Tomorrow the rump magistrate of Berlin will hold its first meeting and officially take over the government of the Eastern sector.

Leaders of the three anticommunist parties in the Western magistrate meeting minced no words in calling yesterday's events in the Russian sector as an out-and-out putsch in the same pattern as that which put Hitler into power in 1933. Frau Louise Schroeder of the Socialist Party said that any person participating in the East sector magistrate would be tried in orderly courts.

There was some serious ridicule about the "light opera government" proclaimed in East Berlin at today's magistrate meeting, but an undercurrent of crisis was also evident, because those who participate in the elections next Sunday and in this current government most certainly are marked men and women.

The Western city assembly will meet daily during this period of what they call as "political state of emergency." Preparations are going ahead for Sunday's elections in the Western sector.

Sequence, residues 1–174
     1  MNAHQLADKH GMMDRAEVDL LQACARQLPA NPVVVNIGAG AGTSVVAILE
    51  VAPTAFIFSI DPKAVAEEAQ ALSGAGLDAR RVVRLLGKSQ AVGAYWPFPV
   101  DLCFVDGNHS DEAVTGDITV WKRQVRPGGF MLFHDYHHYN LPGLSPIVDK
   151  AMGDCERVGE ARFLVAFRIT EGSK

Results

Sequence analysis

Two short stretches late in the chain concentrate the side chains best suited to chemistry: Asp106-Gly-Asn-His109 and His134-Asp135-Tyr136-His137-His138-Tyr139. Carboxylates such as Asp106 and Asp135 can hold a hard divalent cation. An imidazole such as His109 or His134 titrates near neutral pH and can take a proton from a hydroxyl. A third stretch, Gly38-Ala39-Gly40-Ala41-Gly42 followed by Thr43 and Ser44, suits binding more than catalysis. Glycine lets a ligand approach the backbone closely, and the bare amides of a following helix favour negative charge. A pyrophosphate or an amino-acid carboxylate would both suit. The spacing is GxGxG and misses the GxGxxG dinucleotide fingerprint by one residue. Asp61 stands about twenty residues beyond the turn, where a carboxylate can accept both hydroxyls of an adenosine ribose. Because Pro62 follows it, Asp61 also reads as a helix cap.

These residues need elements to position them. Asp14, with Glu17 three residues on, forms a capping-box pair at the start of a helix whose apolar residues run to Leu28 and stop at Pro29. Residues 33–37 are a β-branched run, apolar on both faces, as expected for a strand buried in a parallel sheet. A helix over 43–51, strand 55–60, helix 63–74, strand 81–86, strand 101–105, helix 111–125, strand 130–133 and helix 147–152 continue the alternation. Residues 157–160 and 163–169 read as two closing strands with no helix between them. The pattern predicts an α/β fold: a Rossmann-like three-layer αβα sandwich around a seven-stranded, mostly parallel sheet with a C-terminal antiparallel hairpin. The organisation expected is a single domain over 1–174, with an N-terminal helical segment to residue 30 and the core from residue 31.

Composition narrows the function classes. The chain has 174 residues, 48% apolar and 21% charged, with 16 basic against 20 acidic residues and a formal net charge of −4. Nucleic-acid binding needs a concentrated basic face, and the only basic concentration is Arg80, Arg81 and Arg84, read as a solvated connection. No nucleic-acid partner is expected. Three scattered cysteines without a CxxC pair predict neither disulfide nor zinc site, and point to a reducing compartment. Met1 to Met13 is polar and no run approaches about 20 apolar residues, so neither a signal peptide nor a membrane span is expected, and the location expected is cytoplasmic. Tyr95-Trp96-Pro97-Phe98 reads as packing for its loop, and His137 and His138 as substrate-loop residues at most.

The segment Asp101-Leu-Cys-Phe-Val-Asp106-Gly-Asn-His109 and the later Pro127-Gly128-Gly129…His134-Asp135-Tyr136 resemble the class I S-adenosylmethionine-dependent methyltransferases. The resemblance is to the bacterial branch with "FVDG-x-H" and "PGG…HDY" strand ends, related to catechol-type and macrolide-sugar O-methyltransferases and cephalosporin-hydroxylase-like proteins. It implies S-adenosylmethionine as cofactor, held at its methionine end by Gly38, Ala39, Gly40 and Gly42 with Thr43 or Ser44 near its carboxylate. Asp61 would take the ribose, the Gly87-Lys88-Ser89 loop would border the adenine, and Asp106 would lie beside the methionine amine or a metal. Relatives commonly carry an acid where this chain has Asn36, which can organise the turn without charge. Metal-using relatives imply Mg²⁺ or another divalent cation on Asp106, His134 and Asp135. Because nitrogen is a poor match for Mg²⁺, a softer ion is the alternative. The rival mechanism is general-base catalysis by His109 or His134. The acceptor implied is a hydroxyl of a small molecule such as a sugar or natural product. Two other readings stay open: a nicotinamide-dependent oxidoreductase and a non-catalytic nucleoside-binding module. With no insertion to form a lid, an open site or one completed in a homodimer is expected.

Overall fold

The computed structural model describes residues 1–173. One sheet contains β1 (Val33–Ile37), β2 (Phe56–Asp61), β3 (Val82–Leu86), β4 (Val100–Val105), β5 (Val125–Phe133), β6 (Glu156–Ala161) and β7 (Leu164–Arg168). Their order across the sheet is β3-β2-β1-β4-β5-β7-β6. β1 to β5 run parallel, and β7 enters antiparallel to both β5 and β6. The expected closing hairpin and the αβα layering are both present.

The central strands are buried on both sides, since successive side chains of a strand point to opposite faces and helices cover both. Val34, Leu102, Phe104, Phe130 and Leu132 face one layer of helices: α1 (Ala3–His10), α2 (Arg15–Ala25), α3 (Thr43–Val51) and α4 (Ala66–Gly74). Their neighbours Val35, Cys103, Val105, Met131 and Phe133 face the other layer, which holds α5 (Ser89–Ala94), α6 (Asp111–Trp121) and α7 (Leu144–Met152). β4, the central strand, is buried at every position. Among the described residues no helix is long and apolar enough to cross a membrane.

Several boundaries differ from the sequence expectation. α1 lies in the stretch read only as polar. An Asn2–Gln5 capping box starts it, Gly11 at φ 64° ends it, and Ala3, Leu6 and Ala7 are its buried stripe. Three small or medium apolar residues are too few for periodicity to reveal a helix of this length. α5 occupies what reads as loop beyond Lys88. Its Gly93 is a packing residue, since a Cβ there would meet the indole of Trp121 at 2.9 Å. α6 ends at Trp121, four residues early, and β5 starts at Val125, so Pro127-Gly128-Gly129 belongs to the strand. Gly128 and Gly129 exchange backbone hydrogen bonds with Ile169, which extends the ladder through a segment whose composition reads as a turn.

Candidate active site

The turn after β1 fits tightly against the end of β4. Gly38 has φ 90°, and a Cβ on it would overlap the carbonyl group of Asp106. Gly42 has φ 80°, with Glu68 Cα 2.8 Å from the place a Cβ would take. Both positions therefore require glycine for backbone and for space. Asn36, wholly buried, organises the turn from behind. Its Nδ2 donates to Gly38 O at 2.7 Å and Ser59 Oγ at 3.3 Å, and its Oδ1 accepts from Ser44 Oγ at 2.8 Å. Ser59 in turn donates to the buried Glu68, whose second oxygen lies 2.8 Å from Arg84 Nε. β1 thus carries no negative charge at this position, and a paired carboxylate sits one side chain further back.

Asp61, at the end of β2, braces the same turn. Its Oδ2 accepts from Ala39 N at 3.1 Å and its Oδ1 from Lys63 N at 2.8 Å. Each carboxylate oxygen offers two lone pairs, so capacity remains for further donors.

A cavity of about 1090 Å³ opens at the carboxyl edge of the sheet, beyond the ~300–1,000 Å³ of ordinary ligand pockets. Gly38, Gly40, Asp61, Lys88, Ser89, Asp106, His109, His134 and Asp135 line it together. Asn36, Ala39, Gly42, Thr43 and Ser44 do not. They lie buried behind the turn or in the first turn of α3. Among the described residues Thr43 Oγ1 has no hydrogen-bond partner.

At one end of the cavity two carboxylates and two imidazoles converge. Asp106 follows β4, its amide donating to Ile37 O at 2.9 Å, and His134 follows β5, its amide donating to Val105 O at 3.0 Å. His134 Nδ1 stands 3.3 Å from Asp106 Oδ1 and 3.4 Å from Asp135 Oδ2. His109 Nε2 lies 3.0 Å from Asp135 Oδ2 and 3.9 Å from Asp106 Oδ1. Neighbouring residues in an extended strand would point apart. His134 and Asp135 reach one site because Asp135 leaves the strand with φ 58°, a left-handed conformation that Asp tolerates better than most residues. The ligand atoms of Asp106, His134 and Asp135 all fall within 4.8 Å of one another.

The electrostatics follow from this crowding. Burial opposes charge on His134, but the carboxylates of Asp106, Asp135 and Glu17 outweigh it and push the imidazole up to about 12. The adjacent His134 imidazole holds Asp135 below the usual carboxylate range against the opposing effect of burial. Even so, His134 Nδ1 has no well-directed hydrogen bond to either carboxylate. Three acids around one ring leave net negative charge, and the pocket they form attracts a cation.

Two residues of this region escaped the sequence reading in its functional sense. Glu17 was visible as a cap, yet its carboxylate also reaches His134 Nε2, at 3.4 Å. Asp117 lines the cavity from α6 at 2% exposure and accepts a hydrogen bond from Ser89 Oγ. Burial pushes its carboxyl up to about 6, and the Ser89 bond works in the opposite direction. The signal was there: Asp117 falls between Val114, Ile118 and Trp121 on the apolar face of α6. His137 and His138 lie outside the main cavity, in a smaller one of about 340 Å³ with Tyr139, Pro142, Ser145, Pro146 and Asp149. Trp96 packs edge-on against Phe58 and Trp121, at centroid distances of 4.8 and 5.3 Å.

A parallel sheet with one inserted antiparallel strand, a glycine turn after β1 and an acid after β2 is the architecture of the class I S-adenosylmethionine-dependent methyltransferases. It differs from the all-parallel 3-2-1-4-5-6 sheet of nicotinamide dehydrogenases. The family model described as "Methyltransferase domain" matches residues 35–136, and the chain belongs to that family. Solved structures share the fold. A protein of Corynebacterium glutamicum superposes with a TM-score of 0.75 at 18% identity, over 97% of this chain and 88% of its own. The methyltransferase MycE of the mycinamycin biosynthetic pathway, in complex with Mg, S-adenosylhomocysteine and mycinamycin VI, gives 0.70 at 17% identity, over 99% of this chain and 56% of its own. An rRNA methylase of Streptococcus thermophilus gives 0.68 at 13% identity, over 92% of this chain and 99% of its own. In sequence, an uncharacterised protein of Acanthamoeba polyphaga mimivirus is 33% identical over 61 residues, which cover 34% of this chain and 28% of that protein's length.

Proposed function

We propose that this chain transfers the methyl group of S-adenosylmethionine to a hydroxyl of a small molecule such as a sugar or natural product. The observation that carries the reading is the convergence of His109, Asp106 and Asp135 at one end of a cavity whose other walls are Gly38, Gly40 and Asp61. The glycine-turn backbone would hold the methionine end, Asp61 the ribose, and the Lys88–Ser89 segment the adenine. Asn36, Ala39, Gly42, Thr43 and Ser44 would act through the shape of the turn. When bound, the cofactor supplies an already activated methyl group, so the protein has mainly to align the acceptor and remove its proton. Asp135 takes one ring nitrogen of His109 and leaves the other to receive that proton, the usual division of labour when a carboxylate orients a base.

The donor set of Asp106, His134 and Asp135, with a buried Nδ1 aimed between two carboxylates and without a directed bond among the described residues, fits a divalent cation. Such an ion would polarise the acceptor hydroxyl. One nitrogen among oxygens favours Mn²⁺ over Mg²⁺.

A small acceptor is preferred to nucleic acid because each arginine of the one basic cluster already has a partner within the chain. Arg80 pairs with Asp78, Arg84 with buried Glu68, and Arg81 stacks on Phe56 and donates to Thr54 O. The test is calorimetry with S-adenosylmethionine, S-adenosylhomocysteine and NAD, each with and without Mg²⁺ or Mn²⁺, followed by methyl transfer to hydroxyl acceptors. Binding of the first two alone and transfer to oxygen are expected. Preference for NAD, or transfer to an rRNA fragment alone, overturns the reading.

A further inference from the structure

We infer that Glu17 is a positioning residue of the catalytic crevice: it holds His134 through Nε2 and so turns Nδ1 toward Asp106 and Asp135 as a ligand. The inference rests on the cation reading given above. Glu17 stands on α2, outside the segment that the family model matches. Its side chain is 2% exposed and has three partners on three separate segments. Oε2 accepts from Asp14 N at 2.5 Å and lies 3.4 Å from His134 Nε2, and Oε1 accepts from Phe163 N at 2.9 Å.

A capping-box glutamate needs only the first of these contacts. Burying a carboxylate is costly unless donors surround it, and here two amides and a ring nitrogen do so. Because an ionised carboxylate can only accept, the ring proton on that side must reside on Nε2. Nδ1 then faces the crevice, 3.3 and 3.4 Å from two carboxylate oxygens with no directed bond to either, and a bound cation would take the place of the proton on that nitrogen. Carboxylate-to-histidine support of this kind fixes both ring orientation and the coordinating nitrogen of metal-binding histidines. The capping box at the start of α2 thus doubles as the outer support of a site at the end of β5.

The charge that the Communist-dominated parties are afraid of free elections at this time would seem to be confirmed by yesterday's action. The rump assembly says it will hold its own elections soon—elections which it can control.

On the surface, Berlin appears unchanged today. The underground and elevated railroads that connect the Eastern and Western part of the city are still running. Public services shared by the divided sectors are operating as usual.

But the final irony of the so-called "democratic bloc" assembly which voted itself into power comes in a letter from Ottomar Geschke, a Communist Deputy Chairman of the original city assembly. This letter, addressed to the military commandants of all four occupation powers, notifies them of the formation of a new magistrate, with a final paragraph that says: "I take the liberty to assume that this new magistrate will get the necessary support to carry out its duties."

The answers from the four military governments should be interesting, particularly the answer of Marshal Sokolovsky.